Apple first applied for the iWatch trademark last year. Then, as now, this trademark application is not proof that Apple intends to launch a device with that name. It could just as easily be a defensive measure preventing some shameless copycat from launching a product with that name.
Cool, the rumor blogs are expanding into new territory now. Not content with poorly-sourced rumors about Apple technology, we're now subjected to even more poorly-sourced rumors about Apple films.
Honestly, I don't see DiCaprio as being suitable to playing Jobs. On the other hand, it wouldn't be difficult for him to outdo Ashton Kutcher.
The inevitable has happened... some Asian publication has come out with a claim that an unannounced Apple product is "delayed" because of some technological hiccup. The only thing about this report that's out of the ordinary is the fact that Digitimes isn't the source; they're usually the ones projecting doom and gloom for Apple product timelines.
Unannounced products which are unconfirmed to even exist cannot, by definition, be "delayed." Get real.
This is according to "sources familiar with Apple's plans." Of course, ever since news came out that Nike axed its entire Fuelband division, speculation has run wild that the "iWatch" was the real reason, so these "sources familiar with Apple's plans" could very easily be some total randos spitballing their pet theory.
Some analyst claims the iWatch "will essentially replace the iPod." This is apparently newsworthy for the singular reason that some analyst said it. We've never heard of this analyst before, or the financial group he represents, and his "report" is pretty much a total guess.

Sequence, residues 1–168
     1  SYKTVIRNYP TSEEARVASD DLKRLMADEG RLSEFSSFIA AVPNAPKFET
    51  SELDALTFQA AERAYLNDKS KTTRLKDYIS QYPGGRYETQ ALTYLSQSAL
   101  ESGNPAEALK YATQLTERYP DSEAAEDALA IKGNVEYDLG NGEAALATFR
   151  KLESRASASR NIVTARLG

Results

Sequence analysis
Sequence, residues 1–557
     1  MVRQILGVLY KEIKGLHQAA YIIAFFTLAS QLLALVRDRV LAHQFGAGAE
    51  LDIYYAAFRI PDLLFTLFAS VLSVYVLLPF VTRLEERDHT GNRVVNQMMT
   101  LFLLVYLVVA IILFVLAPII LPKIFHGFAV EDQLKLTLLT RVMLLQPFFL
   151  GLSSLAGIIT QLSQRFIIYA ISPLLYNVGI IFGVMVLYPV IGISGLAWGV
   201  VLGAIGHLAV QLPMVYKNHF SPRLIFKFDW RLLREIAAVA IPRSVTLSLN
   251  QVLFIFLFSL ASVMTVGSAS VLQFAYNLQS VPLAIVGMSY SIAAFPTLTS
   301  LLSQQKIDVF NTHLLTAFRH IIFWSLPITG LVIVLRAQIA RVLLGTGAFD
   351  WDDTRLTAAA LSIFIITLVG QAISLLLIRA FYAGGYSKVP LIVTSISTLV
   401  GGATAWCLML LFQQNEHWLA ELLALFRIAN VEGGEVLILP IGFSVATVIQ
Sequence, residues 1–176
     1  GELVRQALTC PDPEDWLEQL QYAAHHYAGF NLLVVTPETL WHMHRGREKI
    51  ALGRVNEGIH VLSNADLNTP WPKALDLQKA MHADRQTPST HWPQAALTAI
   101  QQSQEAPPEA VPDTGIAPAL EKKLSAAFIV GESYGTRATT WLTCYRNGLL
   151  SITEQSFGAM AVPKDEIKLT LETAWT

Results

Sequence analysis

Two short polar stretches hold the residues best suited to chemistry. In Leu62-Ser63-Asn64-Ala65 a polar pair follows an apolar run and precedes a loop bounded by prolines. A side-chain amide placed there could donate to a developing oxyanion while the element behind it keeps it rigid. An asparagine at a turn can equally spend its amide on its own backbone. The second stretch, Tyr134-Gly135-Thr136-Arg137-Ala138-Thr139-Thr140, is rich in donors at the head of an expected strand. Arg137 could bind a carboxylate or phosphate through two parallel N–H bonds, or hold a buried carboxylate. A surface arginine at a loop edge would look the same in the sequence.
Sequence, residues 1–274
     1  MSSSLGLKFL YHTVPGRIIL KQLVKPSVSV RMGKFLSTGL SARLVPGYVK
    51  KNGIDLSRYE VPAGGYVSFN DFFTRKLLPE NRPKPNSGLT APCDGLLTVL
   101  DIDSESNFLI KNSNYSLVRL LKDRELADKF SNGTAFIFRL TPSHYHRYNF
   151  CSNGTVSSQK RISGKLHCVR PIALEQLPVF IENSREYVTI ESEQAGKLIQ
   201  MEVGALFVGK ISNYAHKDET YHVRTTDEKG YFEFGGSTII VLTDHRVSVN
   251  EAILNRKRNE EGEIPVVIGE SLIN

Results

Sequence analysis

But it's still worth spreading around, because he's an analyst, you guys. Analysts don't get paid to just spread any old BS around. They totally know what they're talking about. They're never wrong.
On Opposites Day.
Another pair of analysts claim to have inside knowledge of next-gen Apple hardware. It's seriously not even worth expending calories tapping more keys than necessary to refute this nonsense, so I'll just leave it at this: analysts have no (expletive deleted) clue what they're talking about. Ever.
Unlike the typical nonsense rumors, these "we found code snippets in iOS code" rumors pan out more often than not. That's not to say they always pan out, but the track record for these is definitely way higher than typical rumors.
This is the third year in a row someone has claimed the iPhone will have curved edges and glass. Guess what? We'll probably be hearing the same thing again next year.